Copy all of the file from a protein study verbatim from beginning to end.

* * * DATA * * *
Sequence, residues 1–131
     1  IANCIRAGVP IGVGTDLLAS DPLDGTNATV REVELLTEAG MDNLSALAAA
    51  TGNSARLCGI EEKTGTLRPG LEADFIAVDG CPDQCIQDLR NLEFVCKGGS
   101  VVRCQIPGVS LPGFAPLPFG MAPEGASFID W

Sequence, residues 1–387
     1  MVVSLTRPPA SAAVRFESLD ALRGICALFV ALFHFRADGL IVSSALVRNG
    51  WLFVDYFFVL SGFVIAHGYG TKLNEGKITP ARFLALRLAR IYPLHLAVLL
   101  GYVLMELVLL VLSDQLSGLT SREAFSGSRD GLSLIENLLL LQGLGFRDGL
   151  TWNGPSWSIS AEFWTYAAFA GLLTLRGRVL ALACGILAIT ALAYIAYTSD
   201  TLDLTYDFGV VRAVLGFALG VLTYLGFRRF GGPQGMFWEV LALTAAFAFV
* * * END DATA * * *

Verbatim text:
Sequence, residues 1–131
     1  IANCIRAGVP IGVGTDLLAS DPLDGTNATV REVELLTEAG MDNLSALAAA
    51  TGNSARLCGI EEKTGTLRPG LEADFIAVDG CPDQCIQDLR NLEFVCKGGS
   101  VVRCQIPGVS LPGFAPLPFG MAPEGASFID W

Sequence, residues 1–387
     1  MVVSLTRPPA SAAVRFESLD ALRGICALFV ALFHFRADGL IVSSALVRNG
    51  WLFVDYFFVL SGFVIAHGYG TKLNEGKITP ARFLALRLAR IYPLHLAVLL
   101  GYVLMELVLL VLSDQLSGLT SREAFSGSRD GLSLIENLLL LQGLGFRDGL
   151  TWNGPSWSIS AEFWTYAAFA GLLTLRGRVL ALACGILAIT ALAYIAYTSD
   201  TLDLTYDFGV VRAVLGFALG VLTYLGFRRF GGPQGMFWEV LALTAAFAFV